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Things to Consider Before Returning to Work after Baby

mother holding a baby in her arms. Little girl in a pink dress with ears. On a light background

Having a child is an especially exciting time in your life.  However, in truth, nothing really prepares you for it – from the emotions you’ll feel to the ‘round-the-clock time you’ll spend tending to your newborn.  Additionally, childbirth can be hard on the body and it may take a new mom a few weeks to fully recover.  Developing a feeding routine, whether breastfeeding or not, can equally take time as can establishing a solid bond with your newborn.

I mention these points because it’s necessary to give them some thought when deciding to return to work after the birth of your baby.

This is going to be one of the hardest decisions you have to make as a mom of a new baby.  The guilt you might feel at being separated so soon from your child might be equally compounded by the guilt you feel at needing or wanting to get back to your job.  Just ensure that whenever you choose to return to work it’s at a time that feels right (or as near as possible to ‘right’) for you, your baby and your body.

For example returning to work too soon after giving birth may prove to be exhausting and increase the risk for postpartum depression.  Most OBGYNs recommend new mamas wait at least six weeks before getting back to your regular routine, including rejoining the workforce.  This is the length of time it usually takes for a body that’s just brought another little human being into life to have healed safely and be feeling somewhat normal again.  It’s also an ample amount of time for your hormones to have resettled and for the rollercoaster of emotions to have eased.

Of course, depending on whether your employer offers paid maternity leave or not, finances (or lack thereof) might dictate the date you kick-start the first day you start clocking in again.  Do remember, however, that if you work for a company with at least 50 employees for at least one year then under the Family and Medical Leave Act you are entitled to at least 12 weeks of unpaid leave without the prospect of losing your job.  Most employers do offer pregnant women up to 6 weeks unpaid maternity leave and you can often top that up with unused vacation or sick pay. Still, not having a regular salary coming in during that period may be a huge burden for many to shoulder.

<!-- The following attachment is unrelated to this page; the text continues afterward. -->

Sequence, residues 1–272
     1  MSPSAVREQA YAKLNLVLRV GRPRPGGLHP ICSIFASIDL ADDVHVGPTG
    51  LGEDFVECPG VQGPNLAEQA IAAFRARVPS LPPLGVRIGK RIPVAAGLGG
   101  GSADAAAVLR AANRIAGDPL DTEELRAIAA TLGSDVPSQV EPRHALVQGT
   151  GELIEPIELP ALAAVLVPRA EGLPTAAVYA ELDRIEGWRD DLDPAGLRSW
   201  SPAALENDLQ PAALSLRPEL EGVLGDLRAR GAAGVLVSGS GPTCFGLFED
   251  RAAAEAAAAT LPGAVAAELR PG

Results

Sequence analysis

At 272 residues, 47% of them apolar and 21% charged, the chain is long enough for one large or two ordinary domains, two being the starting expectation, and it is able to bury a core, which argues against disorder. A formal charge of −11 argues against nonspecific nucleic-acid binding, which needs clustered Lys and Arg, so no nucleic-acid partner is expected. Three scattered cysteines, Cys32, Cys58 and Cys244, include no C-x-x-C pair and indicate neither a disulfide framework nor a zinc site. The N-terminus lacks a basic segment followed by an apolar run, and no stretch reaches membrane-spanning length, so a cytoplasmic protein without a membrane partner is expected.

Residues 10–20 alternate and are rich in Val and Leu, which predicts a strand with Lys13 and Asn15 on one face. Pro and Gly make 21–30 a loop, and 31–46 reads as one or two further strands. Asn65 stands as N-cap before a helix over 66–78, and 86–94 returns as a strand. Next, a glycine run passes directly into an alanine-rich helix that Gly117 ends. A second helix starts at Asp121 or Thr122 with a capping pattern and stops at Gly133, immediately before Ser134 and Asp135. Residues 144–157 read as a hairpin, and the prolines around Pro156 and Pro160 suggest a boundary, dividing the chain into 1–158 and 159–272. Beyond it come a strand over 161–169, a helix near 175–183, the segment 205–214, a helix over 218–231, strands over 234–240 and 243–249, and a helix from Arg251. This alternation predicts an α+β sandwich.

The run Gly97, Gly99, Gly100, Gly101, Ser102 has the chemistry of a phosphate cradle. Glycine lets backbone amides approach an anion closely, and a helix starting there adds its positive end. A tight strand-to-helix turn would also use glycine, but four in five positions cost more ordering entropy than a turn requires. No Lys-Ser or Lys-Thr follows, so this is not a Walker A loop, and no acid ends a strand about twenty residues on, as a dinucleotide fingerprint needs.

Overall, the decision to return to work will be a choice based on both personal and professional demands and needs.  However, if you know that you’ll definitely be heading back to work six weeks or sooner once baby is born do consider a few questions in preparation for that time:

Have you organized childcare that you feel safe and secure about?  You may be lucky enough to have your partner, a family member, or another person close to you take on the responsibility of looking after your child while you’re back living the 9-to-5 routine.  However, if, like most people, you’ll be engaging a nanny or leaving your little one in daycare, it’s important to ensure you feel fully comfortable with whichever scenario and caretaker(s) you opt for. Leaving your baby to go out to work each day is going to be tough enough but being at peace with your childcare arrangements will make the transition just that little bit easier for you.

Can you ease back in by working part-time for a few weeks?  This will be so much better for your health as your body is bound to feel weary and worn working more than 20 hours a week postpartum.  Equally, the disrupted nights of sleep that have suddenly become part of your life can take a toll on you mentally and physically.  Working part-time might allow you to catch up on a few zzz’s during the extra hours that you’re at home.

Will it be possible to take rest breaks on the job?  Some jobs are just go-go-go as soon as you hang up your coat in the morning until the moment you’re pulling it back on later that evening.  If this has been the nature of your work prior to your maternity leave, see if it’s possible for you to have help with your workload during those first days or weeks back at your desk.  You may also feel the need to take midday breaks. Find a little space in your workplace where you can go and put your feet up for five minutes a couple of times each day. Even a nap as short as 15 minutes will do your body and mind wonders—just make sure you can pull yourself out of it when the alarm goes off. You’ll be surprised at how much this can actually rejuvenate you.

If you’re breastfeeding, is there somewhere private in your workplace where you can nurse or pump? Many new moms who return to work soon after the birth of their infant choose to formula feed their babies because the breastfeeding relationship was never fully established.  However, if you’ve decided to breastfeed and therefore have to nurse or pump on the job, make sure you’ve sorted out a secluded spot in your company where you can do this prior to your return to work.  The last thing you want is to be scurrying around your office with a mewling newborn or leaky boobs, looking for a place to get down to business!


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About Siobhan Colgan

Born in Ireland, Siobhan has close to 20 years’ experience working in PR, communications and journalism, including roles with national arts institutions, the country’s main broadcaster and on international projects through the Department of Arts, Sport and Tourism in Ireland. She moved to Berlin, Germany, three years ago, when her daughter was six months old, and has continued her career, most recently in writing and inbound marketing. She’s also a co-founder of online wellness platform, Muuyu, where she manages all communication and content, including the Muuyu blog.

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